During the first day of packing up my classroom, I cried. I cried quite a bit. I honestly felt like I was mourning my life as a classroom teacher. Yes, I will still be in education, but if you're not in the classroom, you're not a classroom teacher. Taking care of and managing a classroom of 20 or more children is unlike any other job in the world- including any other job in education. So, on the first day of packing up, I could not get rid of anything. I just cried and moved stuff around.
On the second day of packing up, I was able to recycle many old files that I haven't touched in years. I also was able to pack up my books and determine which ones were worth keeping and which were worth donating. I left most of them for the teacher taking over my classroom.
On the third day, the recycling and tossing out of old items became easier. My pile of stuff to keep had whittled down immensely.
On the fourth day, I was tossing everything and giving it all away! Then, I realized I wasn't sad and mourning over my teacher things. Rather, I was mourning my identity as a classroom teacher and mentor to 24 new kids each year. My memories with my kiddos will last a lifetime, as will our impact on each other. Things can be tossed and really don't matter.
Here's a better look in pictures…
|It's been over a week now, and I still cannot|
toss out my plan book. It's sitting on my desk
at the district office. I plan to toss it when I
head into the office on Friday.
|This is a crate of my grad school research notes. Look carefully and you'll see|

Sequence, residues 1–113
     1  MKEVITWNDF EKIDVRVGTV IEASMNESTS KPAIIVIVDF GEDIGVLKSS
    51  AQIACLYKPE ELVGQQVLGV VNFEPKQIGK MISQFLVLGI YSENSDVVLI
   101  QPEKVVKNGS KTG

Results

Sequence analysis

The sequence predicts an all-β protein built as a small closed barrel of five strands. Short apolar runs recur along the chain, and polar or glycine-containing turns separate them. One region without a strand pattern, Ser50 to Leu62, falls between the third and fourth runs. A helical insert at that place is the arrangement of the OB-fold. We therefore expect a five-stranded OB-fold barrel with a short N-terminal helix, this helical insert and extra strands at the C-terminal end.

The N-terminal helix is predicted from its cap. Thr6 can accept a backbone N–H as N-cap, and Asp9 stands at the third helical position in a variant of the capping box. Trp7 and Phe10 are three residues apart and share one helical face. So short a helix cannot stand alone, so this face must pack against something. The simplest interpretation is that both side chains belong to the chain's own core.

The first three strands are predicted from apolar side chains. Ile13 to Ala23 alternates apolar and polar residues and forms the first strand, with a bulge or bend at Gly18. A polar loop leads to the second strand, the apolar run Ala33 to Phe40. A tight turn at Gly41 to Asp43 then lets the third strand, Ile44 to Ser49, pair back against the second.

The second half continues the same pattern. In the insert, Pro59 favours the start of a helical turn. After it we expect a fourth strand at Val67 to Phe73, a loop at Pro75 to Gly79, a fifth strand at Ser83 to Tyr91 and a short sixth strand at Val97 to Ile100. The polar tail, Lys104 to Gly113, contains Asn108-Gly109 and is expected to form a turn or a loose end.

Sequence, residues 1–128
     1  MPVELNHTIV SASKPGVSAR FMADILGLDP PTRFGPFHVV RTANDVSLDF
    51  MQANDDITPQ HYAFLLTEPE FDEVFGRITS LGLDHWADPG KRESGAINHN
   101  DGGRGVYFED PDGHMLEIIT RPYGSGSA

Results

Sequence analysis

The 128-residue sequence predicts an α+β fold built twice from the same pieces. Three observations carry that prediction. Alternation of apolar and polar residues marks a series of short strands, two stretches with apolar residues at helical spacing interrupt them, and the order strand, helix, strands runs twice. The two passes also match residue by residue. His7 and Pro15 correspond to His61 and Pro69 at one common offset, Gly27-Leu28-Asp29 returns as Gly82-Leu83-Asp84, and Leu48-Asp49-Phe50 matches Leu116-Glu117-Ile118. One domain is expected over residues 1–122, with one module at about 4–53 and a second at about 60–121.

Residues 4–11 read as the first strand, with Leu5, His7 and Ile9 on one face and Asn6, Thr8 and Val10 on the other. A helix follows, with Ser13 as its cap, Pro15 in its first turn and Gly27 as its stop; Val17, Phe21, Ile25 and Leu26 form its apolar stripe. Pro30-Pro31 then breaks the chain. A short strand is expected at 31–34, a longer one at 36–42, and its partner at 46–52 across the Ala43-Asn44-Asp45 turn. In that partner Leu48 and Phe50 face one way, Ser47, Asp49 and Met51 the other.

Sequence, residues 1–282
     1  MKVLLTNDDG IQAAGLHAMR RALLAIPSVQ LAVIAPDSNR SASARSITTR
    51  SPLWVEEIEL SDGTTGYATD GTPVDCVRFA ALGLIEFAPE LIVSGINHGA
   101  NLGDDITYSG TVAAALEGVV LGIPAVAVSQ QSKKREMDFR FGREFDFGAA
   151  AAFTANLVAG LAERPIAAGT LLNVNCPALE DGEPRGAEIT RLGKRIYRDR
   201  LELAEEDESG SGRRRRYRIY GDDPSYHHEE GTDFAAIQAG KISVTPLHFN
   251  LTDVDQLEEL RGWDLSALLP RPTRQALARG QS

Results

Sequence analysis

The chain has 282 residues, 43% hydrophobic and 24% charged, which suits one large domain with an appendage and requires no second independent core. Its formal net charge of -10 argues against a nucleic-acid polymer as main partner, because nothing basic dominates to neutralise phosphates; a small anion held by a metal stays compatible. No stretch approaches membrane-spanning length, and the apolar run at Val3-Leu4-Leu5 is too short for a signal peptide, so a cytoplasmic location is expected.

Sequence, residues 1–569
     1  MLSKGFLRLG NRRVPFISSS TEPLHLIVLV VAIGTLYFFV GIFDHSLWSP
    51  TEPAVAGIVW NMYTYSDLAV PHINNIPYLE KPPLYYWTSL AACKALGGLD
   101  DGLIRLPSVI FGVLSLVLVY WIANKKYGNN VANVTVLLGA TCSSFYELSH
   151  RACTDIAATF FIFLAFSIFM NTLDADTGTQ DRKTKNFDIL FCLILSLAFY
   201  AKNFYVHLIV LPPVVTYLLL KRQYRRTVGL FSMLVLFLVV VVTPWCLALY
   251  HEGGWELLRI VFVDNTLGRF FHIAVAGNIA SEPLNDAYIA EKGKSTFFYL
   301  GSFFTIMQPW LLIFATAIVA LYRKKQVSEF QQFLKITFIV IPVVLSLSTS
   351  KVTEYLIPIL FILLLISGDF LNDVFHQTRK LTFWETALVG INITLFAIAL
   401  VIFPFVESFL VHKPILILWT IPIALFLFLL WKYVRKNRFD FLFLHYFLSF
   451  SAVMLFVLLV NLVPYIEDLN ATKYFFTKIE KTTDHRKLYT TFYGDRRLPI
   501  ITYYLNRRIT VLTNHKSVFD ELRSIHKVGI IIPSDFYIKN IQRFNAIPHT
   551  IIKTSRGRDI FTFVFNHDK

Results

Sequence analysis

names like Calkins, Fletcher, Wood-Ray… still my favorite literacy gurus today!
I was finally able to recycle these on the third day of cleaning out the room.
|Flat Stanley was my favorite project as a 2nd and 3d grade teacher. I held on|
to this file for years! On the fourth day of packing up, I finally found the courage
toss and recycle it.
|I'll miss Palo Verde. I hope to be back often! This little card hung in the|
corner of the whiteboard.
|For teacher appreciation day in 2013, one of my |
dear students made this for me. I loved it.
|While I was cleaning things out, a couple of my former students rode by on|
their skateboards. They popped in to say hi. Naturally, I put them to work!
Here they are erasing the white board that all my students wrote on during
the last day of school.
|This was my pile of stuff "to keep" on day three of packing.|
|Love this quote. It hung between the smart board and|
white board at all times. Such an important message.
|Finally, I whittled the pile down to this. This is all|
I brought to my new office.
|The final, and hardest thing to do was leave. Breaking |
up is hard to do, but a new opportunity awaits!